Aubry v. Éditions Vice-Versa inc.

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Aubry v. Éditions Vice‑Versa inc.
Supreme Court of Canada
Hearing: December 8, 1997
Judgment: April 9, 1998
Full case name Les Éditions Vice‑Versa inc. and Gilbert Duclos v. Gilbert Duclos
Citations [1998] 1 S.C.R. 591
Docket No. 25579
Prior history Judgement for Aubry at the Court of Appeal for Quebec.
Ruling Appeal dismissed.
Holding
The conflict between the rights to privacy and expression under the Quebec Charter of Human Rights and Freedoms can only be resolved in the context of individual cases. An artist's right to publish their work is not absolute.
Court Membership
Chief Justice: Antonio Lamer
Puisne Justices: Claire L'Heureux-Dubé, Charles Gonthier, Peter Cory, Beverley McLachlin, Frank Iacobucci, John C. Major, Michel Bastarache, Ian Binnie
Reasons given
Majority L'Heureux-Dubé and Bastarache JJ., joined by Gonthier, Cory, and Iacobucci JJ.
Dissent Lamer C.J.
Dissent Major J.
Binnie and McLachlin JJ. took no part in the consideration or decision of the case.

Aubry v. Éditions Vice-Versa inc., [1998] 1 S.C.R. 591, was a decision by the Supreme Court of Canada in which the claimant, Pascale Claude Aubry, brought an action against Éditions Vice-Versa for publishing a photo taken of her in public. She claimed the photographing was a violation of her right to privacy under the Quebec Charter of Human Rights and Freedoms. The Court held that under Quebec law a photographer can take photographs in public places but may not publish the picture unless permission has been obtained from the subject.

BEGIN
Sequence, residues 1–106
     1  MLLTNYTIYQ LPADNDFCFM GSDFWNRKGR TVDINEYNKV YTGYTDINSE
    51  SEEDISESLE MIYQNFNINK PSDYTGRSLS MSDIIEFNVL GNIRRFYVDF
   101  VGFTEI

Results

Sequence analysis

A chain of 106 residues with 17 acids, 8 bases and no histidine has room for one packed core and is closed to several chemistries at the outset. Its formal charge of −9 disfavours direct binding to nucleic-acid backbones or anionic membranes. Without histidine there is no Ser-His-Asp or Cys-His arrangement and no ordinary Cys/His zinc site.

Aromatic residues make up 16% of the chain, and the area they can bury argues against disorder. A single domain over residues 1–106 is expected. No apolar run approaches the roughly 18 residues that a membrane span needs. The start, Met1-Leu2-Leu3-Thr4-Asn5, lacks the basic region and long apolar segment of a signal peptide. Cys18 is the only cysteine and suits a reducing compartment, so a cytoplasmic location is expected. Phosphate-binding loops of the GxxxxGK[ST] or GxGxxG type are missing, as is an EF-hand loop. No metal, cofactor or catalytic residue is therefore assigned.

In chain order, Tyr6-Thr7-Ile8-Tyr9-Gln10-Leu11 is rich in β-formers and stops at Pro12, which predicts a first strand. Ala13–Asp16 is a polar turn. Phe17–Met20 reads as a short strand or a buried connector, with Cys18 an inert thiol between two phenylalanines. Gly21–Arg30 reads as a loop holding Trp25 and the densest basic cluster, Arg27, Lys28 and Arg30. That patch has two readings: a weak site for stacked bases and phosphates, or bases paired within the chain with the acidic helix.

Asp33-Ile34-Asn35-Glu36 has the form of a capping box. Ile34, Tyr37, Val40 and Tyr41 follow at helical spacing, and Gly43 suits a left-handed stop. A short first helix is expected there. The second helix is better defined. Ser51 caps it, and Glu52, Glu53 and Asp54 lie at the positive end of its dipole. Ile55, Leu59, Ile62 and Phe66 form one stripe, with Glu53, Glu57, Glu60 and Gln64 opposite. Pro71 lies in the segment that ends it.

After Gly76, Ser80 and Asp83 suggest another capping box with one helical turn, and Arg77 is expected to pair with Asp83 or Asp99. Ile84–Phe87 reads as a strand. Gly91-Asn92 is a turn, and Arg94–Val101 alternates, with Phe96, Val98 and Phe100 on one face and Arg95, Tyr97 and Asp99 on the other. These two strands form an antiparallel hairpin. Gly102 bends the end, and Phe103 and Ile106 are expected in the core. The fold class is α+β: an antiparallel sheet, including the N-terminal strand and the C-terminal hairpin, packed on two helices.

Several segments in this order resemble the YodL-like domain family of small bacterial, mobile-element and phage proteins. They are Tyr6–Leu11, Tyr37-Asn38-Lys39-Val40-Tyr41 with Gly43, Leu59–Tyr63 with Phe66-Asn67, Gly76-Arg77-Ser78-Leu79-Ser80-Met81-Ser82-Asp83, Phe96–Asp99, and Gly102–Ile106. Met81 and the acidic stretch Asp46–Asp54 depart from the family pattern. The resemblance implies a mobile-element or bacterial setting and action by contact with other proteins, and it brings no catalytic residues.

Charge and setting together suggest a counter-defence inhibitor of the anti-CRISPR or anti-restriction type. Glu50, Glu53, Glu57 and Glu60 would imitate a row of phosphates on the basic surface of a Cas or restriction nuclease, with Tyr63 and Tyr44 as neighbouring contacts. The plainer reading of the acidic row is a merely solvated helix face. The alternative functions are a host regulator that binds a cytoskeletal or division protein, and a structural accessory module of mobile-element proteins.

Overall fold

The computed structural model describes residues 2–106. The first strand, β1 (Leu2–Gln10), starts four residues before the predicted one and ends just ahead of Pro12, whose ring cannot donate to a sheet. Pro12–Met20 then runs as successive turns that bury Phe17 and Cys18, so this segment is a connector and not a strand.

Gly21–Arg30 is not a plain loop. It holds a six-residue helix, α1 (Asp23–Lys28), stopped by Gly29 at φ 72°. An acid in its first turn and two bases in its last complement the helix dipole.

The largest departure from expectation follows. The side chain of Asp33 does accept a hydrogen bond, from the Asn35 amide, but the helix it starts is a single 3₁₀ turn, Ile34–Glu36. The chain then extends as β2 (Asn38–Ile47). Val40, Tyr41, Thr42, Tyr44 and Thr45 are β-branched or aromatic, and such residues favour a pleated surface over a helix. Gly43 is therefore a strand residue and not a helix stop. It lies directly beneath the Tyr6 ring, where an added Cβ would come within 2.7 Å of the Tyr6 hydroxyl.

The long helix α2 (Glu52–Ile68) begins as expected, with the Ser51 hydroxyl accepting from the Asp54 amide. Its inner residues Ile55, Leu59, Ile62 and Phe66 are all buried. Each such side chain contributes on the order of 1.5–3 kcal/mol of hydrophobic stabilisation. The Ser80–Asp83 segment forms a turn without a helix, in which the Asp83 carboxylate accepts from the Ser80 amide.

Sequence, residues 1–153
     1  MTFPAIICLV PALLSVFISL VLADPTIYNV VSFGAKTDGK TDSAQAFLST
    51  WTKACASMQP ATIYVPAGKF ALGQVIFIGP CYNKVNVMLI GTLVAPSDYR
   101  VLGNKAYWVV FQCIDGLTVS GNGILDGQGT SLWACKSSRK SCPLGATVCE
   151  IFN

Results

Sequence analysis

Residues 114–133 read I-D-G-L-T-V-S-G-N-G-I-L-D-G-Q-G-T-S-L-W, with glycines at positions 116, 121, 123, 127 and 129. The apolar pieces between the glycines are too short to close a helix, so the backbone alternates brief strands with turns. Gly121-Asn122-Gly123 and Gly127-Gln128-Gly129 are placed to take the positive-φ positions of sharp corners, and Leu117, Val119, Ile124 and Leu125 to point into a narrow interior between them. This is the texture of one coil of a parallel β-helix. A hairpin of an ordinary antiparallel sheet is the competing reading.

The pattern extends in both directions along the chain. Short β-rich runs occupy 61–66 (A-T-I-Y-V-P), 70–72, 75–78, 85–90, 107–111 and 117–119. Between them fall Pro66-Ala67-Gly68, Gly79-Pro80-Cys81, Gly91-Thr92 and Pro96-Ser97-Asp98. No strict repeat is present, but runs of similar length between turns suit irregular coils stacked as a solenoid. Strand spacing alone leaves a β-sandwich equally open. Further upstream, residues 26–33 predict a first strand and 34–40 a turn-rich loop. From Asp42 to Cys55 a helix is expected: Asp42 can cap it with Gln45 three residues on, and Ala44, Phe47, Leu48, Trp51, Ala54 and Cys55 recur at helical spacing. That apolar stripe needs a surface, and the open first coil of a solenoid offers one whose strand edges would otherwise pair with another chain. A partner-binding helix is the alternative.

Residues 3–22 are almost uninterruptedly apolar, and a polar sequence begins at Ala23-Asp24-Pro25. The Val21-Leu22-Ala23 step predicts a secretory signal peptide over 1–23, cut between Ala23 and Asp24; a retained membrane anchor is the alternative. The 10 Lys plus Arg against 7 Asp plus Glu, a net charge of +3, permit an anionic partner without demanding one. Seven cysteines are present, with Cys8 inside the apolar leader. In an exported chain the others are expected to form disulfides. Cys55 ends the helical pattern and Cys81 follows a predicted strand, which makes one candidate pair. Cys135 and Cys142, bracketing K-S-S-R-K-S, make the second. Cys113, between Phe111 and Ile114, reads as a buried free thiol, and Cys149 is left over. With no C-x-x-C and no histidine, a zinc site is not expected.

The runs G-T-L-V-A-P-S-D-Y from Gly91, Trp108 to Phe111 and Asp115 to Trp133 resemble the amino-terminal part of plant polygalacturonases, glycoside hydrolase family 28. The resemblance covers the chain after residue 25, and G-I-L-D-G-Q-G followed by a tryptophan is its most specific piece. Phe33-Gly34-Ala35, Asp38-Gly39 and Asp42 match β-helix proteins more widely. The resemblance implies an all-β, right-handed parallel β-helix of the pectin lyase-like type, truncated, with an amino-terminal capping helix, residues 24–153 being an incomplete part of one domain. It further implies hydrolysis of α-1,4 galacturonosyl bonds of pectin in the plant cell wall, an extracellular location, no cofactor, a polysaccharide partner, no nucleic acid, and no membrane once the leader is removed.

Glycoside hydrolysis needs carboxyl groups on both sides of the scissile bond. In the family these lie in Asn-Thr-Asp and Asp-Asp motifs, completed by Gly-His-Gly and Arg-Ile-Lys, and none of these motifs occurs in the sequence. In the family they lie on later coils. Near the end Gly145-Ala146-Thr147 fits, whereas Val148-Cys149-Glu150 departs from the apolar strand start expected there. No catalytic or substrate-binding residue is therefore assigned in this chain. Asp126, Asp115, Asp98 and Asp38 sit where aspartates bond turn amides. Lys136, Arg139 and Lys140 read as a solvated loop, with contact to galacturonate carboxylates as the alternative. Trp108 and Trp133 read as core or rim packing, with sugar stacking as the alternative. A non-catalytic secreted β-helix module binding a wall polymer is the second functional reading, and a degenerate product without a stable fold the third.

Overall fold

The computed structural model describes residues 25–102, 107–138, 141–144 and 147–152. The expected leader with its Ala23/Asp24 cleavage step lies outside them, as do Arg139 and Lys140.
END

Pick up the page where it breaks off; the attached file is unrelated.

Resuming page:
The Court limited this requirement to exclude persons whose photographs were taken during an event of public interest. That is, a person of public interest or equally an unknown person who is implicated in a public matter cannot claim image rights. Consequently, anyone's photograph that was incidental to a photo of some matter will be treated as part of the background and will not be able to claim their rights were violated.

Aftermath[edit]

Photojournalist and photographer groups took issue with the decision, arguing that it had the potential of creating a chilling effect on their profession.

Justice Bastarache later referred to the case in Syndicat Northcrest v. Amselem (2004), to discuss how the Quebec Charter is of relevance to personal disputes.[1]

Ironically, the photo became part of the public domain since it was handed to the Supreme Court

See also[edit]

References[edit]

  1. ^ Syndicat Northcrest v. Amselem, para. 153.

External links[edit]